US7636883B2 - User form based automated and guided data collection - Google Patents

User form based automated and guided data collection Download PDF

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US7636883B2
US7636883B2 US11131535 US13153505A US7636883B2 US 7636883 B2 US7636883 B2 US 7636883B2 US 11131535 US11131535 US 11131535 US 13153505 A US13153505 A US 13153505A US 7636883 B2 US7636883 B2 US 7636883B2
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annotation
displayed
user
form
gui
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US20060265640A1 (en )
Inventor
Jordi A. Albornoz
Lee Feigenbaum
Sean J. Martin
Simon L. Martin
Lonnie A. McCullough
Madhusmita Mitra
Elias Torres
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International Business Machines Corp
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International Business Machines Corp
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    • GPHYSICS
    • G06COMPUTING; CALCULATING; COUNTING
    • G06FELECTRIC DIGITAL DATA PROCESSING
    • G06F17/00Digital computing or data processing equipment or methods, specially adapted for specific functions
    • G06F17/20Handling natural language data
    • G06F17/21Text processing
    • G06F17/22Manipulating or registering by use of codes, e.g. in sequence of text characters
    • G06F17/2247Tree structured documents; Markup, e.g. Standard Generalized Markup Language [SGML], Document Type Definition [DTD]
    • GPHYSICS
    • G06COMPUTING; CALCULATING; COUNTING
    • G06FELECTRIC DIGITAL DATA PROCESSING
    • G06F17/00Digital computing or data processing equipment or methods, specially adapted for specific functions
    • G06F17/20Handling natural language data
    • G06F17/21Text processing
    • G06F17/24Editing, e.g. insert/delete
    • G06F17/241Annotation, e.g. comment data, footnotes
    • GPHYSICS
    • G06COMPUTING; CALCULATING; COUNTING
    • G06FELECTRIC DIGITAL DATA PROCESSING
    • G06F17/00Digital computing or data processing equipment or methods, specially adapted for specific functions
    • G06F17/20Handling natural language data
    • G06F17/21Text processing
    • G06F17/24Editing, e.g. insert/delete
    • G06F17/243Form filling; Merging, e.g. graphical processing of form or text

Abstract

In response to a user request, an annotation form is presented to a user for annotating a target document or image in a database. The annotation form is associated with the target document. A runtime program is associated with the annotation form. The annotation form selected by the user provides prompts for annotation input. The annotation input is saved in an annotation database and the runtime program performs an action on behalf of the user. Preferably the runtime program action comprises analysis of elements of the target document.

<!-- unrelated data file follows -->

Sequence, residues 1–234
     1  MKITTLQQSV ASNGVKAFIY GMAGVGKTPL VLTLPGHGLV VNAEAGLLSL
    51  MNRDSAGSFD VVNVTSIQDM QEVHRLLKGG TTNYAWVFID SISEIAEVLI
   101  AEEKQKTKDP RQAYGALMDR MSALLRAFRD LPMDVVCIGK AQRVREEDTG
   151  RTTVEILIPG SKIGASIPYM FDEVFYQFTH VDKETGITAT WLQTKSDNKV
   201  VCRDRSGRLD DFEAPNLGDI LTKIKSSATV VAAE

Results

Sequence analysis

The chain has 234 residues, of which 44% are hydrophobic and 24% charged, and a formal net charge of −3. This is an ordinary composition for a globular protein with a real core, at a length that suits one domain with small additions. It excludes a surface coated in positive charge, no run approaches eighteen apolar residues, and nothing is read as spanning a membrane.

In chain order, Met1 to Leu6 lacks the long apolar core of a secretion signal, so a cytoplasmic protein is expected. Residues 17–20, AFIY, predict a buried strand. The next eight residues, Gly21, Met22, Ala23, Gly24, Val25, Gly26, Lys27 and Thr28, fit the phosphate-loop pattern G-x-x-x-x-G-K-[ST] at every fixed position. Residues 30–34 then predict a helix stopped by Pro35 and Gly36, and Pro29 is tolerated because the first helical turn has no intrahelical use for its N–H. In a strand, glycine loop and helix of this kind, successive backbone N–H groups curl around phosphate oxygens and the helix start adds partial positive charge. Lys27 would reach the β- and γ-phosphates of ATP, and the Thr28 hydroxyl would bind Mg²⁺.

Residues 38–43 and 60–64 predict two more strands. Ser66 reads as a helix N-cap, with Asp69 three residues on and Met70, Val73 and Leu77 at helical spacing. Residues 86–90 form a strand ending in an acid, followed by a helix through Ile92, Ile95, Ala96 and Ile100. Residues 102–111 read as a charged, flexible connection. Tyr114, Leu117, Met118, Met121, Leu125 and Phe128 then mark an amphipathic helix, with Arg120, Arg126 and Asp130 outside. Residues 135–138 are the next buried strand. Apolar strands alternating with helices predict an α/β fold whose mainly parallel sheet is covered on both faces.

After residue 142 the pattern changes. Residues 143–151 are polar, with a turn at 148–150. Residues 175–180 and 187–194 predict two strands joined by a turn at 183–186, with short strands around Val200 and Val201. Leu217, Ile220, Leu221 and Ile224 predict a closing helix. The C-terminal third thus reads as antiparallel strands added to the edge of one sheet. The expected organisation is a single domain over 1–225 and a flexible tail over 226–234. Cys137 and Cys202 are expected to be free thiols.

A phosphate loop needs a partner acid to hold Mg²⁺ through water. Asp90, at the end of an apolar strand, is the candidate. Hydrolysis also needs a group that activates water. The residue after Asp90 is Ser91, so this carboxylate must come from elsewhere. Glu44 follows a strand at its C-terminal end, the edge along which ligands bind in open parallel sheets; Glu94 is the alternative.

Description

FIELD OF THE INVENTION

The present invention is related to annotating documents in computer systems, more particularly to providing GUI Forms for guiding annotation of viewable images.

BACKGROUND OF THE INVENTION

Annotation is the process of adding metadata to some target data. Annotation systems allow users to record insights or notes about any target data for the benefit of future users who view or use the target data. The target data (document) can be any form of data including for example text data, image data, bitmap data, audio data, video data and the like. Annotation systems use computers to simulate the paradigm of ‘sticky-notes’ or ‘margin notes’ that people often use when working with paper documents. People record their judgments and observations about the paper document by marking on the document itself. Thus, when another reader looks at the document, the note is immediately apparent to the reader. Computer Annotation Systems exist to apply this paradigm to electronic target data and documents. Electronic “sticky notes” are annotations applied preferably to a location of the document. Such annotation systems have other advantages as well. Many annotation systems allow for querying the library of annotations and target data as a way to find important judgments or important target documents. Other systems even allow for annotations to perform a workflow task, such as in the system described by Ser. No. 10/983,820 “Multi-User Multi-Timed Collaborative Annotations” Filed Nov. 8, 2004. Many annotation systems also provide the capability of automated annotations, that is, annotations made without user input, usually by batch processes. Annotation systems are in high demand in life sciences industries but are not limited to that domain.

The main problem with current annotation systems is the burden placed on users to create annotations. Users often see annotating a document as having no immediate benefit to the task they are accomplishing. They are often annotating for the vague ideal that it will help another user in the future. While automated annotations remove the user from the process, such annotations are not always appropriate as human insights are often beneficial or required when creating annotations. Annotations also often serve as a tool for adding order to existing freeform data as well and bringing out important data from freeform data. By annotating, the user is often placing the important aspects of some target data into a more structured and queryable form. However users often see such annotation tasks as a bother. The main problems in many annotation systems are often not technical problems but simply that users fail to annotate effectively and thus the usefulness of the annotation system suffers. Thus there is room for improvement upon current annotation systems to make creating annotations have immediate reward for the user and to eliminate annotation tasks that users consider rote, boring, or burdensome.

SUMMARY OF THE INVENTION